Business Model

Primary water veins can have water delivery capacities of 100 liters per minute up to 5000 liters per minute or more. The price of clean water varies over the world. In developing countries the price is around 0.05-0,25 euro per 1000 liters, in developed nations the price is anywhere between 0.50-1.50 Euro per 1000 liter. Drinking water produced by means of seawater evaporation is often priced at about 4.00-5.00 Euro per 1000 liters.

It is obvious that a relatively modest exploration fee of 0,05-0,30 euro per 1000 liters, depending on the savings realized at location, can generate substantial cash flow for BTD, while at the same time representing significant savings for clients (and partners)

One primary water vein yielding 500 liters per minute generates gross income of about 40.000 euro per year when an exploration fee of 0.15 euro per 1000 liters applies.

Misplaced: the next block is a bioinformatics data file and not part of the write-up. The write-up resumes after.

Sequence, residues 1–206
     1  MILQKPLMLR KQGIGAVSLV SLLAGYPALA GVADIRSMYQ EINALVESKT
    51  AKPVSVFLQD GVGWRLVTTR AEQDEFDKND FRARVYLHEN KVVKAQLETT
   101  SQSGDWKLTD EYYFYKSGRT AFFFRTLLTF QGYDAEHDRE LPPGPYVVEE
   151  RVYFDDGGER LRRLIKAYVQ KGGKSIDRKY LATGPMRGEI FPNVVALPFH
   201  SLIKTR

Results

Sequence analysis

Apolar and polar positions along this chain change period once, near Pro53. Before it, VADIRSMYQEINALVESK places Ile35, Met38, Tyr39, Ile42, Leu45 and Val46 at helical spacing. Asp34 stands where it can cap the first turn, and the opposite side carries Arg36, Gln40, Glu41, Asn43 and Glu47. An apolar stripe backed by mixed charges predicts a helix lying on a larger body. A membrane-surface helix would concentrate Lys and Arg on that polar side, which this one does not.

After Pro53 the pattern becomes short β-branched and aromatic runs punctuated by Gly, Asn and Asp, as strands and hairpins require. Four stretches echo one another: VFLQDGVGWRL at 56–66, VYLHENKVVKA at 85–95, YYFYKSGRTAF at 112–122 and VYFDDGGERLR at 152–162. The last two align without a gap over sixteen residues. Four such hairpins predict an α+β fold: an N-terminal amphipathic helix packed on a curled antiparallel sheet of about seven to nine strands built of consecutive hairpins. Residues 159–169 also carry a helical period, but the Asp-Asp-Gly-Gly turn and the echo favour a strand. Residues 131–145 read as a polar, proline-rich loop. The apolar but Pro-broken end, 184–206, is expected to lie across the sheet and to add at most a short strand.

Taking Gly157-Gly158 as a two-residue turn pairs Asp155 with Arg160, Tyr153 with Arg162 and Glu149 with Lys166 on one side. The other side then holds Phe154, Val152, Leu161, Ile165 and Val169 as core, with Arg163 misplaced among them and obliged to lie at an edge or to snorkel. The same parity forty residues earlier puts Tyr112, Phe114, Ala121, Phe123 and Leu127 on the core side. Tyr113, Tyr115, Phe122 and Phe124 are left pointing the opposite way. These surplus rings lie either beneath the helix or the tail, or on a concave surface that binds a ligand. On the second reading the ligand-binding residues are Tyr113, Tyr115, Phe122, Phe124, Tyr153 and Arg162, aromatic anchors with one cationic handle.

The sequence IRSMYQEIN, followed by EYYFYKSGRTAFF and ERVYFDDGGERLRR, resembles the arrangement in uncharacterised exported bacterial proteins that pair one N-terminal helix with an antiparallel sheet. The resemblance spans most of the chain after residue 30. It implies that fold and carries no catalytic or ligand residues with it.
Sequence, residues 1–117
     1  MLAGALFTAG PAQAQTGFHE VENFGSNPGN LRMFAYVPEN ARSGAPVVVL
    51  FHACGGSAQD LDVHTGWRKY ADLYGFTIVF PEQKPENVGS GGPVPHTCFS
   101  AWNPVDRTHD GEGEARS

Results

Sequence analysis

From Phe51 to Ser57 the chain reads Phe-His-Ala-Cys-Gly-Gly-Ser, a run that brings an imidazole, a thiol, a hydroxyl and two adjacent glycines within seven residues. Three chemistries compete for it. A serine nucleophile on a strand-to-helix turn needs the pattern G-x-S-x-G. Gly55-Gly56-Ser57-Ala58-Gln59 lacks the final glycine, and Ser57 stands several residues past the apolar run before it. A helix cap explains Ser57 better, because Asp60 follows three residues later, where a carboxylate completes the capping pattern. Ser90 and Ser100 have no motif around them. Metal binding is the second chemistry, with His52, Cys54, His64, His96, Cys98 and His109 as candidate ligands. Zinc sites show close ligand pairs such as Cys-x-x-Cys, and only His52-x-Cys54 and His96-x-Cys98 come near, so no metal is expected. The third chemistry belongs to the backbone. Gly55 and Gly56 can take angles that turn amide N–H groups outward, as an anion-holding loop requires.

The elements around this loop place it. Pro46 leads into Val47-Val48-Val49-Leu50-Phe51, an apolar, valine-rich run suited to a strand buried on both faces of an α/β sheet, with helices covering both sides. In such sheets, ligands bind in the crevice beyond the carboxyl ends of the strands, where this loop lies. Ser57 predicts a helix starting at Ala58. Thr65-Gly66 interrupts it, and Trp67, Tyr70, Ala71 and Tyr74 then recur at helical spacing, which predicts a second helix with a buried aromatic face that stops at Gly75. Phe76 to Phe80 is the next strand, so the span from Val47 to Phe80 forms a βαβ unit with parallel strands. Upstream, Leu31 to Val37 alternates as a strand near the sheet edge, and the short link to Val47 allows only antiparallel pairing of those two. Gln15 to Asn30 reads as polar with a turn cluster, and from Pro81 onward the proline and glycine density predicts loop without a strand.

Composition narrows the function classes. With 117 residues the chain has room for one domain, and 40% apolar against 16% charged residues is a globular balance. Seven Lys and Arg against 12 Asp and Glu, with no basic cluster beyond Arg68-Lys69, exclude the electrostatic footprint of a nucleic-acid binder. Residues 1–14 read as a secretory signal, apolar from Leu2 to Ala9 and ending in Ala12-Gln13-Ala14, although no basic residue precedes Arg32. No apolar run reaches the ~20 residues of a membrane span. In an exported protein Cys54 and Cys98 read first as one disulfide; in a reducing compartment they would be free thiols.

Primary water veins can also be found in mountainous areas, which often harbor primary water veins with large capacities. In this case a combination can be made with hydro electricity generation and drinking water supply to villages at lower elevation.

The recurring revenues from commercial projects in developed economies will enable BTD to support the creation of a socio-economic development based on providing primary water wells in rural areas in developing nations.

Village committees, mainly consisting of women, make sure that the village is ready to receive the benefits of water. Women no longer walk many miles to distant water wells, child health is improved and local schools arise. When women have ample and easy access to water in their village, they can care for their babies and older children can go to school. It is well known that local access to water provides opportunities for the education of children. Water and education are clearly linked.

Local primary water veins enable the development of local agriculture and small local economies. This brings people back from the large cities. Rural development is extremely important to sustain global food production, while at the same time reversing the accelerating migration to the poverty-stricken slums of large cities in developing nations.